Bank of Nova Scotia is in talks to sell its business in Malaysia, where the bank has operated since 1973, to Cathay Pacific Holdings Ltd.
Scotiabank has entered exclusive negotiations to sell 100 per cent of its subsidiary, Bank of Nova Scotia Berhad, with two of Taiwan-based Cathay's own subsidiaries, Cathay United Bank and Cathay Life Insurance.
The proposed sale, which was disclosed in a filing with the Taiwan Stock Exchange, is still subject to due diligence and approvals from Malaysian and Taiwanese regulators, and the window of exclusivity expires on April 30.
At the end of 2016, Scotiabank valued its Malaysian subsidiary, which is based in Kuala Lumpur, at $311-million.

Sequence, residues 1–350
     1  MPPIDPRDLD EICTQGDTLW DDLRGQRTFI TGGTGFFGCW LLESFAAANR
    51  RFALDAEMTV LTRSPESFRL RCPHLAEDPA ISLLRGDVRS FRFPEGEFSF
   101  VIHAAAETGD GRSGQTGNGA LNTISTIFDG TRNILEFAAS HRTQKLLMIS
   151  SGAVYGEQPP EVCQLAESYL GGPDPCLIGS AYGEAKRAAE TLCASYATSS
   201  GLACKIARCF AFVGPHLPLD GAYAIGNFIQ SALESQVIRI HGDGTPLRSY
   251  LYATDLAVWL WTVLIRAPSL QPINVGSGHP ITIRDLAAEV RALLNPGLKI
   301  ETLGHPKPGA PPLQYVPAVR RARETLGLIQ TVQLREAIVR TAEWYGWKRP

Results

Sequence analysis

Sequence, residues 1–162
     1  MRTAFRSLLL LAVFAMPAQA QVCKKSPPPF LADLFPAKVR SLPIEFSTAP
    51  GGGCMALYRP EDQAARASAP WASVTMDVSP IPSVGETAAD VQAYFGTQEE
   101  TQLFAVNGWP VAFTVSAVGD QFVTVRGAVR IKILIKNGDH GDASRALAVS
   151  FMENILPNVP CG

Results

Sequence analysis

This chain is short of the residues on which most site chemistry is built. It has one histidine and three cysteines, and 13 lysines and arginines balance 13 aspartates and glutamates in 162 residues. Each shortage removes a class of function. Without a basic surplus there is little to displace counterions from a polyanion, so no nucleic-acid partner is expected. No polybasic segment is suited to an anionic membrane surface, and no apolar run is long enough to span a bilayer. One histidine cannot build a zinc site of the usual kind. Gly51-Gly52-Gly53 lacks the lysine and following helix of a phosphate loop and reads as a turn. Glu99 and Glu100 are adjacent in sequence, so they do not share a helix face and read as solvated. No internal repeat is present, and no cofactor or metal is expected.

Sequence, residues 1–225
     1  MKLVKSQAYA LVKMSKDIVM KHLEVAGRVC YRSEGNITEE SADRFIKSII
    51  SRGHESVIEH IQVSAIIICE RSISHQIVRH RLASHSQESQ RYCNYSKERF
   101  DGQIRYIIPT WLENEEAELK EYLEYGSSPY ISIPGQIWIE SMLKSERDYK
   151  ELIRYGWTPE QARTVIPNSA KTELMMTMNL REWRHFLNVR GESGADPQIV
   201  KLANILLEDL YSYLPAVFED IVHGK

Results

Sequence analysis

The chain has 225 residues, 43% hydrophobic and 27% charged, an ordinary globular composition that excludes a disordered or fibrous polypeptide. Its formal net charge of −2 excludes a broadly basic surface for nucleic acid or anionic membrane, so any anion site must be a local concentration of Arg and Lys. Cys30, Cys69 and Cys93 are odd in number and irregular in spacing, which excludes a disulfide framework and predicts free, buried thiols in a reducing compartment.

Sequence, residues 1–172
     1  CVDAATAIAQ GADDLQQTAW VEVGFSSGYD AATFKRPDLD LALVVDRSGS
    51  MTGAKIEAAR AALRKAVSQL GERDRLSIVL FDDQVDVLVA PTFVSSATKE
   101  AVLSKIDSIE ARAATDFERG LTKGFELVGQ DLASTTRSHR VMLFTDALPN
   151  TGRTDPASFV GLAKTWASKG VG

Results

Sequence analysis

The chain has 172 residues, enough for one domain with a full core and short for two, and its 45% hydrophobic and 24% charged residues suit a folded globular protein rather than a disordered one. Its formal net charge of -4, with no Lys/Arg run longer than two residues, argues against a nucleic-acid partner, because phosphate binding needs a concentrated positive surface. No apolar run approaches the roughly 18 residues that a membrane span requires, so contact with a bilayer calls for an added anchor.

"We are evolving our business in the Asia-Pacific region with a focus on serving cross-regional clients in priority sectors and core markets," said Debra Chan, a Scotiabank spokesperson, in an e-mailed statement. "As a result, a decision was made to enter into discussions with the goal of finding the right buyer for our franchise in Malaysia."
Scotiabank has been in Malaysia for 44 years, but has been scaling back its Asian businesses as it seeks to grow operations in four key Latin American markets: Mexico, Peru, Chile and Colombia. In its 2016 annual report, the company said that included closing representative offices in Vietnam and Thailand, and shuttering branches in Taiwan and Dubai.
Scotiabank CEO Brian Porter also said at an industry conference in January that the bank considers its 49-per-cent stake in Thailand's Thanachart Bank as "an investment," and not a "core" asset.